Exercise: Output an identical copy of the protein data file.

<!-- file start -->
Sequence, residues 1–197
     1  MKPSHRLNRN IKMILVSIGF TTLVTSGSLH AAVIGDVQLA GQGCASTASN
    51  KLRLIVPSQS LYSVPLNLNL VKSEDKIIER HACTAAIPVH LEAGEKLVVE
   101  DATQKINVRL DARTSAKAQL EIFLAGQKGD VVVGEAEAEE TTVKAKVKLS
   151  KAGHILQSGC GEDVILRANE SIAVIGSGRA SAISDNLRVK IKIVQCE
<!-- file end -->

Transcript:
Sequence, residues 1–197
     1  MKPSHRLNRN IKMILVSIGF TTLVTSGSLH AAVIGDVQLA GQGCASTASN
    51  KLRLIVPSQS LYSVPLNLNL VKSEDKIIER HACTAAIPVH LEAGEKLVVE
   101  DATQKINVRL DARTSAKAQL EIFLAGQKGD VVVGEAEAEE TTVKAKVKLS
   151  KAGHILQSGC GEDVILRANE SIAVIGSGRA SAISDNLRVK IKIVQCE